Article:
Great rebounding teams tend to specialize on one end of the floor. Why? Rebounding isn’t just about ability; it reflects a stylistic choice. On offense, teams must decide between sending an extra body to the offensive glass or preventing fast breaks. On defense, some coaches opt to pressure the perimeter and are willing to live with a few put-backs; others play a tighter style and control the defensive boards. St. Mary’s mixes an aggressive offensive approach with a conservative defensive strategy. The result is a team that ranks third in the country in offensive rebounding (39 percent) and second in defensive rebounding (22.3 percent allowed). That’s a really, really good combination of skills to protect a favorite against a pesky underdog.


Grand Canyon is such a team. The Antelopes play an aggressive style, forcing turnovers on nearly 20 percent of possessions and, most interestingly, grabbing offensive rebounds on 34.6 percent of missed shots. That will directly challenge St. Mary’s top strength, and the outcome will be pivotal. But Grand Canyon does have a couple of other paths to an upset.

First, St. Mary’s plays at the country’s fifth-slowest adjusted tempo. We often remind our readers that more talented teams should want more possessions; limiting the number of individual battles gives underdogs a chance to hang around. Just ask Virginia how that has worked over the years.

Secondly, St. Mary’s has struggled with turnovers in losses. They gave the ball away on 22 percent of possessions in a March loss to Gonzaga, turned it over on 19 percent of possessions in an upset loss to Missouri St., and coughed it up on 23 percent of possessions in falling to Weber State. So pay attention to the pressure Collin Moore (1.8 steals per game) and Tyon Grant-Foster (1.7 spg) put on the ball. It could shift the course of the game.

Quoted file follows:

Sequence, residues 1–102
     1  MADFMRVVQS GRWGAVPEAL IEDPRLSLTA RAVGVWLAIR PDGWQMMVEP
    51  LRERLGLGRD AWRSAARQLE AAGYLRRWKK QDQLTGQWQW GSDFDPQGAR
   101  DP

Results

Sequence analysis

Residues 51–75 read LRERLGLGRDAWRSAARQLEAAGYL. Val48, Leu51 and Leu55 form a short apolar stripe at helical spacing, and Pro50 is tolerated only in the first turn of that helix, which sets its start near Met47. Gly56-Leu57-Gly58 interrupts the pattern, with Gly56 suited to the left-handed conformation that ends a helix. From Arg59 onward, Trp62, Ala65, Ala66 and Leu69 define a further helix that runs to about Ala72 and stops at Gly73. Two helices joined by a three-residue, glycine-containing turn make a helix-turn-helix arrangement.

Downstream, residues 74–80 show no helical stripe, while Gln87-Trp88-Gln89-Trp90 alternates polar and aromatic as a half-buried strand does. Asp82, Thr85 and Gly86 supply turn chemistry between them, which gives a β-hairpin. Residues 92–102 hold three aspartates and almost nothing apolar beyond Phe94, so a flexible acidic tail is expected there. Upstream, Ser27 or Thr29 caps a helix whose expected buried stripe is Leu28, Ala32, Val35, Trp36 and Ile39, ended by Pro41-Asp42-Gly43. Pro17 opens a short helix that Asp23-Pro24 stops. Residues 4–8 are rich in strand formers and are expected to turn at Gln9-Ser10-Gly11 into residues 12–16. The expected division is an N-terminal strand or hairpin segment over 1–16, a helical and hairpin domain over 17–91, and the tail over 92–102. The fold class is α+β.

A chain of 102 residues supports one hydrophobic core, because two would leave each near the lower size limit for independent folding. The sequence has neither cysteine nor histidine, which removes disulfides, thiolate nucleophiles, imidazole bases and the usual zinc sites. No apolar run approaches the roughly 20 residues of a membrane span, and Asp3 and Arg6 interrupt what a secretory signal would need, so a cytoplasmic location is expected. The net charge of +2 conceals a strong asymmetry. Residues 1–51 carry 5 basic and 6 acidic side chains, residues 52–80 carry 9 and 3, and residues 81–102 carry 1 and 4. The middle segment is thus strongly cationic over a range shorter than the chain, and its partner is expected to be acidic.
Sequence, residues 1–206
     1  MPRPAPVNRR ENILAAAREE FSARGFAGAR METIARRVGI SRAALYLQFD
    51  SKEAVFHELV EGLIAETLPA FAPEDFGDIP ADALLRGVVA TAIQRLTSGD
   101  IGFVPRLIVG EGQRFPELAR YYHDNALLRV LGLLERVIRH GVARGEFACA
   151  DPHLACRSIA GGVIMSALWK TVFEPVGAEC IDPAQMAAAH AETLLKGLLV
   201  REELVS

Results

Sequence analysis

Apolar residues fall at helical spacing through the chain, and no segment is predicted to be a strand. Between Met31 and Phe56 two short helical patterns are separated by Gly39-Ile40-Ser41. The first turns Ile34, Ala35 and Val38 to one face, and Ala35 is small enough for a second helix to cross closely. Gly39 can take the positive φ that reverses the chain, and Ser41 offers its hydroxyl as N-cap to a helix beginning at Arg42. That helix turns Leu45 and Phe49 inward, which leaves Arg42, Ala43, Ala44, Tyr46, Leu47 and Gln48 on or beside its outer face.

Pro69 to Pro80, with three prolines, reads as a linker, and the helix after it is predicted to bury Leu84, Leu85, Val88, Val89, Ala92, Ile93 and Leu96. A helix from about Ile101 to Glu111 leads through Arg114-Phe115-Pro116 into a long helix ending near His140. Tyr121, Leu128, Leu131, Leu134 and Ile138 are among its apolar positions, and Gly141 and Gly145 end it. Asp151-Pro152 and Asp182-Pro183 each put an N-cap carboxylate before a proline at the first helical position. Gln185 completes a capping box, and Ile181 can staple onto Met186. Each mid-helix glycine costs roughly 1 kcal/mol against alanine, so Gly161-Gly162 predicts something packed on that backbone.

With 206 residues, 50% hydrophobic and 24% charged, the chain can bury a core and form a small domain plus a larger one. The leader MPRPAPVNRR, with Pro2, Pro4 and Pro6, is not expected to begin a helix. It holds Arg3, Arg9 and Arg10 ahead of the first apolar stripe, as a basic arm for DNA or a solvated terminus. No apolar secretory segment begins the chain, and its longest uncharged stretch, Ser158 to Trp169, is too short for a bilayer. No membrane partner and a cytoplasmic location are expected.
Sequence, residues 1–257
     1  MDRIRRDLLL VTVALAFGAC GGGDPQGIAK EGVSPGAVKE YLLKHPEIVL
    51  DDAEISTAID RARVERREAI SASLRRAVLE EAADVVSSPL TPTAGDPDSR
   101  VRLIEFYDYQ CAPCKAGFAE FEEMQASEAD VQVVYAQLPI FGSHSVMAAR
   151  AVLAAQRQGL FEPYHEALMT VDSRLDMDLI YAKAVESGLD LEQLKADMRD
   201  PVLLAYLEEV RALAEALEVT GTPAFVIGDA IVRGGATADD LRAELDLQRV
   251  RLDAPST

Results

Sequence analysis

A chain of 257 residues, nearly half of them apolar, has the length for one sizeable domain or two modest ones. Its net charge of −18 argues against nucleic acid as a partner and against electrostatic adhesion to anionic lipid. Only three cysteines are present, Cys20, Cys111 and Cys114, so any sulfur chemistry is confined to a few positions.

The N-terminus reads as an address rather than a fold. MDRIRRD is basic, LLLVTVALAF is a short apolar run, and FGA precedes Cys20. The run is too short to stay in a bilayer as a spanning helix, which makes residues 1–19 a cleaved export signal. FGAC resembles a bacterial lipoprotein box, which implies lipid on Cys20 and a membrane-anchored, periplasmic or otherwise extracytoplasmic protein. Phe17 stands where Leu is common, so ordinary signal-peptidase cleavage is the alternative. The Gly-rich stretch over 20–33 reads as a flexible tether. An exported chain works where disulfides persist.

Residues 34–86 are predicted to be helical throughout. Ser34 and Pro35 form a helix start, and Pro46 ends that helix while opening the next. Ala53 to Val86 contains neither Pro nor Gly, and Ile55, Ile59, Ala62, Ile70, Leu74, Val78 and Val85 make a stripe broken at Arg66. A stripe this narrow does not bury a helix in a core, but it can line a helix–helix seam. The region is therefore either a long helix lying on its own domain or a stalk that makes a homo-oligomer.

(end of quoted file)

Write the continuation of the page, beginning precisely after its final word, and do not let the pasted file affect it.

NCAA Tournament upset picks: New Mexico, Grand Canyon look to bust brackets in West Region (1)

Nate Oates and Alabama shouldn’t have too much trouble against Charleston in the first round of the NCAA Tournament (Andy Lyons / Getty Images)

No. 4 Alabama Crimson Tide vs. No. 13 Charleston Cougars

Upset Chance: 17.2 percent

Spread:Alabama favored by 9.5 points

Alabama is one of the more fascinating teams in the tournament. Their offense is elite, ranking second in the country with an adjusted 125.6 points per 100 possessions, per When Mark Sears and Aaron Estrada are cooking, the Crimson Tide can score on anyone. But they will also allow anyone to score.

The Tide rank just 112th in defensive efficiency. They gave up 117 points to Kentucky, a combined 207 points in a pair of losses to Florida and 99 against Auburn. They don’t force turnovers, give up bundles of offensive rebounds and foul a ton.

Fortunately for the Tide, they are playing a lesser version of themselves. Charleston ranks 58th in offensive efficiency and 176th in defensive efficiency. Slingshot likes the fact that the Cougars embrace key giant-killing traits like high-volume three-point shooting (47 percent of shots) and offensive rebounding (33.5 percent, 46th in the country). But trying to win a track meet against Alabama isn’t a particularly wise strategy. In a game with an over/under of 173.5, our model thinks the higher-powered offense should prevail.


No. 3 Baylor Bears vs. No. 14 Colgate Raiders

Upset Chance: 8.2 percent

Spread:Baylor favored by 13.5 points

Baylor is a scoring machine, surrounding freshman C and coming superstar Yves Missi with a pack of terrific shooters and passers, including PG RayJ Dennis (6.8 assists per game), F Ja’Kobe Walter (14.2 points per game), F Jalen Bridges (11.9 ppg, 40.6 percent on 3-point attempts) and G Jayden Nunn (10.6 ppg, 43.1 percent on 3PA). The Bears are hitting 53.3 percent of their twos and 39.4 percent of their bombs, and grabbing 35.1 percent of the shots they happen to miss (ranking sixth in the country). It all adds up to 122.5 adjusted points per 100 possessions, giving Baylor the sixth-most efficient offense in the country. The Bears’ defense has slipped a bit since they won a national title three years ago, but that’s not to say many teams have given them trouble. Bad luck may be the toughest opponent they’ve met this season. (Well, bad luck and Iowa State.) Facing one of the nation’s strongest schedules, Baylor lost 10 games—including five by 3 points or less or in overtime. And they’re not likely to be challenged by these Raiders.